Here’s a potential plot device for one of Charlie Stross’ Laundry novels or, rather more seriously (though perhaps not as entertainingly), as the hinge for a Greg Egan story; a team of Tokyo researchers reckon they’ve managed to summon up a very tiny version of what physicists call “Maxwell’s demon”. Ars Technica breaks it down:
Maxwell’s demon has haunted thermodynamics for well over a century, since James Clerk Maxwell first suggested that a small demon might be able to selectively allow only hot atoms through a small gate, gradually extracting heat from a gas without expending much in the way of energy. But there’s no such thing as a free lunch, and the demon feeds on information: it needs to know which atoms are hot. Eventually, it was recognized that information was being exchanged for energy, and an equivalence between the two was calculated based on theoretical considerations. Until now, however, nobody has managed to build a demon that could help see how well real-world behavior matched the theory.
The metaphor the authors use is a spiral staircase. A particle placed on a small staircase will be buffeted by energy, and typically go up or down a stair; on average, it’ll go down more often than up, eventually settling at the bottom of the staircase. The demon stands at the side of the stairs with a barrier. When, by chance, the particle happens to move up to a higher energy state, it inserts the barrier behind it, preventing it from dropping down. Given time, the particle will reach the top of the staircase.
Their real-world implementation involves a bead on a tether that is able to freely rotate around a full 360° axis. Below the bead, the authors set up four electrodes that generated electric fields that were shaped like a sine wave. When the bead was in the trough of the wave, it would be at its lowest energy state. If the bead was jostled anywhere else, it gained potential energy that would eventually be lost again when it fell back down to the trough.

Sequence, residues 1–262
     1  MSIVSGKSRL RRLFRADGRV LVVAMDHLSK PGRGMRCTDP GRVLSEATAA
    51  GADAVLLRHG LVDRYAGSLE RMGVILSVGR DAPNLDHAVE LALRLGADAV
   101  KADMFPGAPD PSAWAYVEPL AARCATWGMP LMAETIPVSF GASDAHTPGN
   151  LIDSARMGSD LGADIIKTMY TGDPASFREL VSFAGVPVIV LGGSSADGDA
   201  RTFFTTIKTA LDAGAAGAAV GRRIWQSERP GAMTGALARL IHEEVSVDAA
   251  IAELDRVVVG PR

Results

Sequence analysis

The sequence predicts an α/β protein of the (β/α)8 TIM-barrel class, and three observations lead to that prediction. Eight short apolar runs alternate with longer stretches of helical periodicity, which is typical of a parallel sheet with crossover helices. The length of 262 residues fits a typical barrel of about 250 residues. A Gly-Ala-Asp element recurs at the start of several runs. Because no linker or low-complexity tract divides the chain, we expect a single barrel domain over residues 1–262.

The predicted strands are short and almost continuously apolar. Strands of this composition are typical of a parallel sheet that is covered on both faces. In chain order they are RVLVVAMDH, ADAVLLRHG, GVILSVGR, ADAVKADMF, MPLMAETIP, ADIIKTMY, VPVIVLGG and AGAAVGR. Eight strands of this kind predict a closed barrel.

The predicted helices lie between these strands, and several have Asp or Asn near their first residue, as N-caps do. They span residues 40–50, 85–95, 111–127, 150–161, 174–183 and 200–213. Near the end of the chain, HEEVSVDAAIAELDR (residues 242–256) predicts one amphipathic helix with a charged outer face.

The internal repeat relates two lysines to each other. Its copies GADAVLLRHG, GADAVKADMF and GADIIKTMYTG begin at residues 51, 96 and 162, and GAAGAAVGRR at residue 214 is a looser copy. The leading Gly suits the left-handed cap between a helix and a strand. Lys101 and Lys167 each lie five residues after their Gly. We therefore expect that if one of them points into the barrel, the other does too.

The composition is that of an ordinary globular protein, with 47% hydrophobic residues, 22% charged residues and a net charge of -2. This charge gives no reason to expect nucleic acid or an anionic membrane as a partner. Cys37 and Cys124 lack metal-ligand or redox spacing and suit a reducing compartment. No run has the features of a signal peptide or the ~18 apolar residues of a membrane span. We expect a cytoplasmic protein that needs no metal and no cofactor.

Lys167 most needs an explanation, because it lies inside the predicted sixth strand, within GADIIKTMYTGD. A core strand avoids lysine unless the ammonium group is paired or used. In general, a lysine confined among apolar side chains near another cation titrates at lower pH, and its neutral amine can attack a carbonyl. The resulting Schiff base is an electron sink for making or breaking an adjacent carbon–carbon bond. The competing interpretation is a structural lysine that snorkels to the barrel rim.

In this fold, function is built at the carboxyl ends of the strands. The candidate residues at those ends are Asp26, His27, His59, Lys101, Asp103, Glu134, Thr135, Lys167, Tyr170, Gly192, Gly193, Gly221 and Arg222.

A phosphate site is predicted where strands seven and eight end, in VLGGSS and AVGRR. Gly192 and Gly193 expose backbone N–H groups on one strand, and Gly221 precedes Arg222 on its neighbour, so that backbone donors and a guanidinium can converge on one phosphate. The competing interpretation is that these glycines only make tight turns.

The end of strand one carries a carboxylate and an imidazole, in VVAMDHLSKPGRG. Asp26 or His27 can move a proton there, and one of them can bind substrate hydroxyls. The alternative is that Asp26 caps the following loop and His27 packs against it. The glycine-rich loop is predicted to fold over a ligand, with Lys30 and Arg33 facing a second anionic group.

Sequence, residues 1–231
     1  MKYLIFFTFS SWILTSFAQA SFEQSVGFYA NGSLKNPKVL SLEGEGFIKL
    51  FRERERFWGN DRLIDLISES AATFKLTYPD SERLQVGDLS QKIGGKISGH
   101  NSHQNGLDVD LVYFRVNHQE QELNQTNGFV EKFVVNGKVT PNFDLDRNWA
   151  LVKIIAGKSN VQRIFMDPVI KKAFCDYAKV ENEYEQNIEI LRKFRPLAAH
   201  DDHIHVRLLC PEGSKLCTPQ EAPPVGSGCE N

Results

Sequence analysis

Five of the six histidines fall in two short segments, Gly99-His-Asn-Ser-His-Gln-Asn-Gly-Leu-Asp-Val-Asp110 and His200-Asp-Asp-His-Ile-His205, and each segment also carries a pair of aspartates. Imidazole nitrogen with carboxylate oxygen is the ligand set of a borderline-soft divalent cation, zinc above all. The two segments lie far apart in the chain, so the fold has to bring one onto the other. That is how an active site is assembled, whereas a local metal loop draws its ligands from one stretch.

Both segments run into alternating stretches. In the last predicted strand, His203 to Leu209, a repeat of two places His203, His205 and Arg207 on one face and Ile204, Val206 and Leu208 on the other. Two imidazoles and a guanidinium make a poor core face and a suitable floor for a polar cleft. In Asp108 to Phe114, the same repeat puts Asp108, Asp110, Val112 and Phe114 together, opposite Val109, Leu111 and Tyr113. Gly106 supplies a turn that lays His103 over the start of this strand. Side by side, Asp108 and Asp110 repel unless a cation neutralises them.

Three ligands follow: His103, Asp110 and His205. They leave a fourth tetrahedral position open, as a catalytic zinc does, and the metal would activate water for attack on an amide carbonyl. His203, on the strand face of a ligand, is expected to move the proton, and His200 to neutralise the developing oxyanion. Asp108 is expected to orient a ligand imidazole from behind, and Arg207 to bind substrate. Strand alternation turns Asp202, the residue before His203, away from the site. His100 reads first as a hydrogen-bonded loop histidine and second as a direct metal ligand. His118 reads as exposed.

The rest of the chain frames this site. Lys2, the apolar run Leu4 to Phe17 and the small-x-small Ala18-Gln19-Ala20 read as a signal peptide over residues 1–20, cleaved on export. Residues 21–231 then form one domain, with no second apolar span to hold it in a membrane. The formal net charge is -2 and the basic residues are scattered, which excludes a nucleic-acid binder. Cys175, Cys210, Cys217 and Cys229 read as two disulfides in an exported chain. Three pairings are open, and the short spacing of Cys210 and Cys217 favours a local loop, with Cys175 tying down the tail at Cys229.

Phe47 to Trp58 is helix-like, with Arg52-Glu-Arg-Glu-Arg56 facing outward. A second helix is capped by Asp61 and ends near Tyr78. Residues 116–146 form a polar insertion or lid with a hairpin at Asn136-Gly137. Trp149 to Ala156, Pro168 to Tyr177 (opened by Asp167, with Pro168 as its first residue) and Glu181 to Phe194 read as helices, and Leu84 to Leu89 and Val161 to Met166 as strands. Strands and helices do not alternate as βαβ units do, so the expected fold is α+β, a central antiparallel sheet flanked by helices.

Remember, though, that not even demonologists get a free lunch:
If you ignore the apparatus involved, the authors could directly compare the energy gained against the amount of information required to flip the switches involved. And the results appear to agree very well with the theoretical predications.
As far as thermodynamics is concerned, however, you have to consider the apparatus, since it’s necessary to balance the books in order to avoid thinking that we’re getting energy for free. And, as it turns out, the system for tracking the bead and switching currents is rather elaborate, involving “microscope by constructing a real-time feedback system including video capture, image analysis, potential modulation and data storage.” As an accompanying perspective notes, you’d probably also have to throw in the energetic cost of the grad student who was operating the whole thing, too.
So, no chance of heating my garret with information, then… unless I burn all my books. (Not. Gonna. Happen.)